It wasn't so long ago that many of us were locked into lengthy cellphone contracts. And if you wanted to leave your carrier, you faced the prospect of stiff early termination fees.
The same situation affects many hospitals, schools, universities and banks that all need data connections to run their businesses. These fees end up making it harder to switch providers, just like for regular consumers. Now, federal regulators on Thursday have voted to ban these and other provisions that telecom providers sometimes impose on their corporate customers.
The Federal Communications Commission also voted to start the process of redesigning the rules that govern the $45 billion nationwide market for business broadband. The proposal is aimed at increasing competition so that large, institutional customers can have more flexibility to choose a telecom provider.
Many retailers use business broadband to handle financial transactions, such as ATM withdrawals or credit-card swipes. Cellular carriers use the same connections to send voice calls behind the scenes over vast distances. And experts expect these networks to begin carrying even more traffic as consumers shift more of their data consumption to mobile and future-oriented 5G networks. That's why the market for business data services is so important.
"There is a reason why all the major wireless carriers, save one, support this item," said FCC Chairman Tom Wheeler. "Because it's essential to wireless competition."
Earlier this month, Verizon struck a compromise with smaller competing carriers over business broadband, adopting a set of guiding principles that are designed to guide its behavior as it participates in the FCC rulemaking process, which will take a matter of months.
The business broadband industry has historically been dominated by big, incumbent telecom companies, such as AT&T and Verizon. Some of their practices included "tie-ins," a tactic in which a carrier would offer service to an institutional customer in one part of the country, but only if the customer agreed to buy service in another part of the country, too.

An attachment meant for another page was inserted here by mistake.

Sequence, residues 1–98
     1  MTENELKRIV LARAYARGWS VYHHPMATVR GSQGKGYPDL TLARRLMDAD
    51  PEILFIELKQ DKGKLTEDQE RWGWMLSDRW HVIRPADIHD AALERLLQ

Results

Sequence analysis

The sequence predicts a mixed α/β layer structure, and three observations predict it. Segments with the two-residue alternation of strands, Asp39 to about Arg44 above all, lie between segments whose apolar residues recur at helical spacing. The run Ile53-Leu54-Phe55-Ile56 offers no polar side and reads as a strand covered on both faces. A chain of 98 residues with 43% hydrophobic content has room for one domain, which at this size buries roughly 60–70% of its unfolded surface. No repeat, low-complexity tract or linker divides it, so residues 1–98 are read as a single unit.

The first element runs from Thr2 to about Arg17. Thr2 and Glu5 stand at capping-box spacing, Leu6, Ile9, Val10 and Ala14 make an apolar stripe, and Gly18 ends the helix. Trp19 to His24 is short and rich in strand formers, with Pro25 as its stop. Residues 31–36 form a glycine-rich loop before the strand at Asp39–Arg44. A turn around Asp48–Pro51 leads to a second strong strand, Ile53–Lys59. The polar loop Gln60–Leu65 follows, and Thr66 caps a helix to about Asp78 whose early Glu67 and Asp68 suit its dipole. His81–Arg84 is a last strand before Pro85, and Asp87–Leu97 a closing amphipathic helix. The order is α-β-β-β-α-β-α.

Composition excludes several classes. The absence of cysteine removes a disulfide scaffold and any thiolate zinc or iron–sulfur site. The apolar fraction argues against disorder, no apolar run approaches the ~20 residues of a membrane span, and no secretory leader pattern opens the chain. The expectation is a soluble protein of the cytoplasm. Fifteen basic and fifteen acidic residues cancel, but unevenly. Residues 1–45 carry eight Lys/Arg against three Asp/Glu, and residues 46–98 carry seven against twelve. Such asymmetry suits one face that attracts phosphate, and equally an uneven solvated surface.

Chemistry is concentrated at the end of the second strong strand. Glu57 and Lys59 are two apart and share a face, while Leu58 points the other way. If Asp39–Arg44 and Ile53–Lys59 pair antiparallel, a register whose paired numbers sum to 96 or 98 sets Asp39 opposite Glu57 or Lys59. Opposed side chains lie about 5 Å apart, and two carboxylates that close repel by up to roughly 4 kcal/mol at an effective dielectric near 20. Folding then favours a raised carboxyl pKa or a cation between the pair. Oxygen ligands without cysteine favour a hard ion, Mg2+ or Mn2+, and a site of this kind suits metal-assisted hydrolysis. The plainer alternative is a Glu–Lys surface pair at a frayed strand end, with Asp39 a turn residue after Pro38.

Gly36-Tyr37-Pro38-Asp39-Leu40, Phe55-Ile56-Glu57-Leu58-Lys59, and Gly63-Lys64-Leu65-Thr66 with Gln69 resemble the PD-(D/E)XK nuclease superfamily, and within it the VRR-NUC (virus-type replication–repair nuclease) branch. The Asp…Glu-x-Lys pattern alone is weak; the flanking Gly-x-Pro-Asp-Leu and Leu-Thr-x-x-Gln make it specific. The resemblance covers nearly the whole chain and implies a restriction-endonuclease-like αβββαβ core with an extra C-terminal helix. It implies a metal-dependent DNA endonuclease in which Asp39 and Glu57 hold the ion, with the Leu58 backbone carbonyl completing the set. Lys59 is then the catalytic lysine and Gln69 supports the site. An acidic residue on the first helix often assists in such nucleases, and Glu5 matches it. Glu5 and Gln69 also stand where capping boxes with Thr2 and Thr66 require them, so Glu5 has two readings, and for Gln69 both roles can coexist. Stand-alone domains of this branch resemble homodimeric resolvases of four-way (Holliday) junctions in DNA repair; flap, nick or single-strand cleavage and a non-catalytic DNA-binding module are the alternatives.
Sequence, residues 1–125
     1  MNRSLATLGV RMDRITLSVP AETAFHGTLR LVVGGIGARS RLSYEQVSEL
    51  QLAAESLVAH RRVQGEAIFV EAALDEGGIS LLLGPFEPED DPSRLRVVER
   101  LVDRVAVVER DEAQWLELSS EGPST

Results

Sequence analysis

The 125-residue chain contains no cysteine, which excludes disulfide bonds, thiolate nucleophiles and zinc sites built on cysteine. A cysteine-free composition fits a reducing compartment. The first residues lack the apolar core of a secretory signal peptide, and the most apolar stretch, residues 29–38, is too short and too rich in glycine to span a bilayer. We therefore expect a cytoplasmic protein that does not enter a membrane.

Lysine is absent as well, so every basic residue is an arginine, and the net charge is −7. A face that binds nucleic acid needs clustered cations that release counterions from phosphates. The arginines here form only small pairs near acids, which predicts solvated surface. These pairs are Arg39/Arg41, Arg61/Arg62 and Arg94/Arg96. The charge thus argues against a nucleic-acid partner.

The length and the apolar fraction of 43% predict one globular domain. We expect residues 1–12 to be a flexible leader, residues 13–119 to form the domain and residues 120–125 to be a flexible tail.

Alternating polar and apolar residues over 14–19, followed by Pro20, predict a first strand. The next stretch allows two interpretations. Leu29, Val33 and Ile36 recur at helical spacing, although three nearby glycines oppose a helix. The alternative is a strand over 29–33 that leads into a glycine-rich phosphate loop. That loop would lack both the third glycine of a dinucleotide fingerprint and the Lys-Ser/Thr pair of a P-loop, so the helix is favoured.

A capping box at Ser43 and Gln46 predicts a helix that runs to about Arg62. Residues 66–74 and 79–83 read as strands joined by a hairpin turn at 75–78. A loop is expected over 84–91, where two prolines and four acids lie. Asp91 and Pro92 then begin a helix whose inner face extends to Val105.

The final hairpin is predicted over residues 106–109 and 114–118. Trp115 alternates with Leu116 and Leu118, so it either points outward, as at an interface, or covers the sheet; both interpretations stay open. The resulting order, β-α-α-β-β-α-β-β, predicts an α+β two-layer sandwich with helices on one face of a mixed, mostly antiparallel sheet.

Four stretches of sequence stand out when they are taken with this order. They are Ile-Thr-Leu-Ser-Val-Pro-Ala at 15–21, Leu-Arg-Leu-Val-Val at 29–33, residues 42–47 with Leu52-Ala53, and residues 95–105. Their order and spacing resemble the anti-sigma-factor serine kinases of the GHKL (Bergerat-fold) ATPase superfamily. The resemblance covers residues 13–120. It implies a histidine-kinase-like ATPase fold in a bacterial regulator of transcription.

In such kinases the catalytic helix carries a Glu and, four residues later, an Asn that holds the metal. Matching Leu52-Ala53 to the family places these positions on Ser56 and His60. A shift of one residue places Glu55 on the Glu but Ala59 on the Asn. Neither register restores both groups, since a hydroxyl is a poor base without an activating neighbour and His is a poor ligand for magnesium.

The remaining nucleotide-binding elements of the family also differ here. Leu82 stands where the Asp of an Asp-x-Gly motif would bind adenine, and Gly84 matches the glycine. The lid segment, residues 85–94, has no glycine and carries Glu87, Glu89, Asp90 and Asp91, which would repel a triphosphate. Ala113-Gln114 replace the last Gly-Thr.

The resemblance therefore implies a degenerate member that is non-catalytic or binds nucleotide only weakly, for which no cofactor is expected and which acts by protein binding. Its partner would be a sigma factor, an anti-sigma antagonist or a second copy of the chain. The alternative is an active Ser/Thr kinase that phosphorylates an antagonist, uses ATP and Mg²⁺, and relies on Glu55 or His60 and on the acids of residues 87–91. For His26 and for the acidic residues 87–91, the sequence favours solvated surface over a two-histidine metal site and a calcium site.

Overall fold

The FCC's 3 to 2 vote Thursday moves to block these types of practices, including early termination fees, when it comes to providing business data connections over traditional technologies like copper wiring. And it opens up a process to design new rules for the industry that would allow the FCC to impose pricing regulations on markets it deems uncompetitive. Factors that go into that calculation could include the number of providers in a given area; the kinds of speeds that are offered; and whether there's enough service to meet the needs of different businesses.
Importantly, the new rules could also apply to a relatively new player in the market for business broadband: cable companies. This industry, which is a giant in providing home Internet access, has been encroaching on the likes of Verizon and AT&T when it comes to providing data to institutional customers.
"Cable’s entry into the market for business data services over the last few years has resulted in improved services and lower prices for businesses all across America," said the National Cable and Telecommunications Association, a top cable trade group in Washington. "It is disappointing that Chairman Wheeler is responding to this unquestionably positive development by asking the commission to consider imposing onerous new rate regulation on these competitive services."